Middle East Intelligence Bulletin
Jointly published by the United States Committee for a Free Lebanon and the Middle East Forum
  Vol. 6   No. 2/3 Table of Contents
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February-March 2004 

Syria and the Presidential Succession in Lebanon
by Ziad K. Abdelnour

Emile Lahoud

Lebanon's presidential election campaign began earlier than usual this year. One by one, most of the politicians who have declared an interest in succeeding President Emile Lahoud this November have made their way to Damascus in recent weeks to interview for the job. Although historical precedent suggests that a decision by Syrian President Bashar Assad will not be unveiled until a few weeks before parliament convenes to choose a replacement, the selection process is already underway and Assad has warned local politicians to avoid "playing with fire" in the run-up to the elections.[1]


While the presidency (constitutionally reserved for a Maronite Christian) was the paramount political office in Lebanon's First Republic (1943-1989), its powers were strictly curtailed by the 1989 Taif Accord, which transferred most executive power to the Sunni Muslim office of prime minister and strengthened the Shiite Muslim office of parliament speaker. In practice, however, the powers of all three offices in the Second Republic (1990-present) have depended on the office-holders' relations with Syria. During the heyday of Lebanon's postwar reconstruction, Prime Minister Rafiq Hariri was considered "first among equals" within the ruling troika. After Lahoud's ascension in 1998, Syria shifted power to the president, who was given absolute control over the military and state security apparatus and allowed to appoint allies to key cabinet positions. Since his return as premier in 2000, Hariri has chafed under these new rules.

Syria's rationale for strengthening of the presidency was two-fold. First, with Israel preparing for a unilateral withdrawal from Lebanon - a move that would delegitimize continued cross-border warfare against Israel in the eyes of Lebanon's political class - the Syrians decided that all decision-making with respect to security should be concentrated in the hands of a single proxy. Lahoud, a discharged military officer whose appointment as army commander in 1989 came as a result of Syrian fiat, was seen as a more reliable proxy than Hariri, a self-made (or Saudi-made) billionaire construction tycoon. Second, it was hoped that a strong president would be able to mobilize Christian support for continued Syrian hegemony in Lebanon. Ultimately, these two goals proved to be mutually unattainable - Lahoud, lacking any domestic power base, proved to be a very obedient Syrian surrogate, but for this reason was unable to generate greater Christian loyalty to the Second Republic. Moreover, Sunnis became increasingly alienated by the president's supremacy over the prime minister.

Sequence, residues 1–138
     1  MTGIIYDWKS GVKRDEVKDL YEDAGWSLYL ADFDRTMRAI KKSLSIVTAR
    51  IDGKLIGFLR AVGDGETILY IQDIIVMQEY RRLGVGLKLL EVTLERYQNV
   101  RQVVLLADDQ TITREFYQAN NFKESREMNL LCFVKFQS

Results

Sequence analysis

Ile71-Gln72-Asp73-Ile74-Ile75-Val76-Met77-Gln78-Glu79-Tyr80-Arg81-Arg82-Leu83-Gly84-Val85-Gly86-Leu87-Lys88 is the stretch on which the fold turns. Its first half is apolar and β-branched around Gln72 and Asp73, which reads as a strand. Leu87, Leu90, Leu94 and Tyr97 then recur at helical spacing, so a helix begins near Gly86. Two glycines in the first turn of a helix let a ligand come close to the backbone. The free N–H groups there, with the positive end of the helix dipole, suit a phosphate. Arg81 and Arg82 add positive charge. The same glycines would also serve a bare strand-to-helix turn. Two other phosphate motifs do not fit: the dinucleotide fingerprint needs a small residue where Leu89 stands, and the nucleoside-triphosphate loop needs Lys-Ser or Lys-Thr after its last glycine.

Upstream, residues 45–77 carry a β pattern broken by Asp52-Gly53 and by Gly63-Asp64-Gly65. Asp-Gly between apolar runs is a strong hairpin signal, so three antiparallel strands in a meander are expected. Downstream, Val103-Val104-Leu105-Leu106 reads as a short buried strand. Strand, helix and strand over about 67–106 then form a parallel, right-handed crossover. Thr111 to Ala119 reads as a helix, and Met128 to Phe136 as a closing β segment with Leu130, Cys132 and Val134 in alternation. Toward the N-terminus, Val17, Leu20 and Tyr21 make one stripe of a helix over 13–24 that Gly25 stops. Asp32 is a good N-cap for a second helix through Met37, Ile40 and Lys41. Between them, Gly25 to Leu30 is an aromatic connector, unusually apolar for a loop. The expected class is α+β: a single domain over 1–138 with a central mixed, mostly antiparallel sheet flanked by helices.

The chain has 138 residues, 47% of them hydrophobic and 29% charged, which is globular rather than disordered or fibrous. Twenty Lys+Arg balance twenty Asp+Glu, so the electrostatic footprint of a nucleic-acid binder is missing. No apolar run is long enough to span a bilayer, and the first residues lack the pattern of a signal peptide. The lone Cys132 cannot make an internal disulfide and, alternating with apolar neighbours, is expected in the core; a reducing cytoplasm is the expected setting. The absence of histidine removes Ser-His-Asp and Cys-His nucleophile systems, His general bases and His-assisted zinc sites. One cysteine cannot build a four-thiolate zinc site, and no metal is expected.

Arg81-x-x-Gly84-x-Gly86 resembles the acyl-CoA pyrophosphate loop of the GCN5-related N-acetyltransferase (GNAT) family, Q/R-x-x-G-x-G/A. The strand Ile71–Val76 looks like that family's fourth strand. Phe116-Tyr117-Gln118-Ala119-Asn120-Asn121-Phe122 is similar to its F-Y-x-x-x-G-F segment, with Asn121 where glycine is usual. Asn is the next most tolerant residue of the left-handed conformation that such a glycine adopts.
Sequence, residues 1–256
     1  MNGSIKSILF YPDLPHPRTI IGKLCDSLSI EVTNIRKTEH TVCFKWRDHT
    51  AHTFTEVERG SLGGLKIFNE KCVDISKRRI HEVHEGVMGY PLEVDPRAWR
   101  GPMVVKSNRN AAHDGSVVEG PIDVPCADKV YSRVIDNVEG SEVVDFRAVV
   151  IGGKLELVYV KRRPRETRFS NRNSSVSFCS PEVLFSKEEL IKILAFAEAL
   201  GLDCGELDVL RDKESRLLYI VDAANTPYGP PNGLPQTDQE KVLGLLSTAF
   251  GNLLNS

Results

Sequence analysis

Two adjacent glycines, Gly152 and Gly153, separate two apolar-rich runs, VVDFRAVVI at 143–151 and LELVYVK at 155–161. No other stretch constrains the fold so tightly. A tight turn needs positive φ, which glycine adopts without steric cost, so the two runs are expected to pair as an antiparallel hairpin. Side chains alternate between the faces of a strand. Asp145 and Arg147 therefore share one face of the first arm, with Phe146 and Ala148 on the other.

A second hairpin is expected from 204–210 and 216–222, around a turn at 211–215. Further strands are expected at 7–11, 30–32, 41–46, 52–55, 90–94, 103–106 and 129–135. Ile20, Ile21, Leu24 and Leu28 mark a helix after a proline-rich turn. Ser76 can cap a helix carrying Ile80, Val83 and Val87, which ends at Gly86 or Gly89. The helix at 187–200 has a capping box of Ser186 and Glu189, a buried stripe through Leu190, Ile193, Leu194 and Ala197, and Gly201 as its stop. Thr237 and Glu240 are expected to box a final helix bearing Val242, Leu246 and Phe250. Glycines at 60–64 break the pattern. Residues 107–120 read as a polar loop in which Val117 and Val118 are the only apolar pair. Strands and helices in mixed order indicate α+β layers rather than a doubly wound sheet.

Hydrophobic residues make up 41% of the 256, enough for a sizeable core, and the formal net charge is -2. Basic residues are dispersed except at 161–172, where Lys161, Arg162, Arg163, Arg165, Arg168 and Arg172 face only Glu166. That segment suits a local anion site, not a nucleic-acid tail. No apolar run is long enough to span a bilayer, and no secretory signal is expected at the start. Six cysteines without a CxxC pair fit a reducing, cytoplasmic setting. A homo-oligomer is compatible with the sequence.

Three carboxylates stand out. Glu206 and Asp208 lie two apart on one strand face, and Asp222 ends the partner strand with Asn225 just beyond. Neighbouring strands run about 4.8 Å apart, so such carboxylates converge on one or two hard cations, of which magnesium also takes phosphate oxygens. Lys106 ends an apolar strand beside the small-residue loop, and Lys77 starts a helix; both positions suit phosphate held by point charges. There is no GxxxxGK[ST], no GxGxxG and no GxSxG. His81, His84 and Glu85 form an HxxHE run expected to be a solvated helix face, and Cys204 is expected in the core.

With the end of Lahoud's six-year tenure in November, the Syrians are faced with the question of whether or not to continue the current arrangement. Although Article 49 of the constitution prohibits a sitting president from seeking reelection, Syria could extend or renew Lahoud's mandate by forcing parliament to amend the constitution (as it did in 1995, when Elias Hrawi's term was extended another three years).

An extension of Lahoud's term would impinge on Assad's efforts to win the Maronite Christian community's acceptance of Syrian hegemony. After two years of negotiations (through intermediaries) between Syria and Maronite Patriarch Nasrallah Butrous Sfeir, the broad outlines of such a deal have become common knowledge - Syria will protect Christian cultural autonomy and permit the mainstream Maronite political elite to re-enter government in return for the latter abandoning its vocal opposition to the Syrian occupation. The fact that recent visits to Damascus by presidential contenders coincided with visits to Sfeir by Beirut MP Nasser Qandil - Syria's main intermediary - suggests that the issue of Lahoud's succession is central to the negotiations.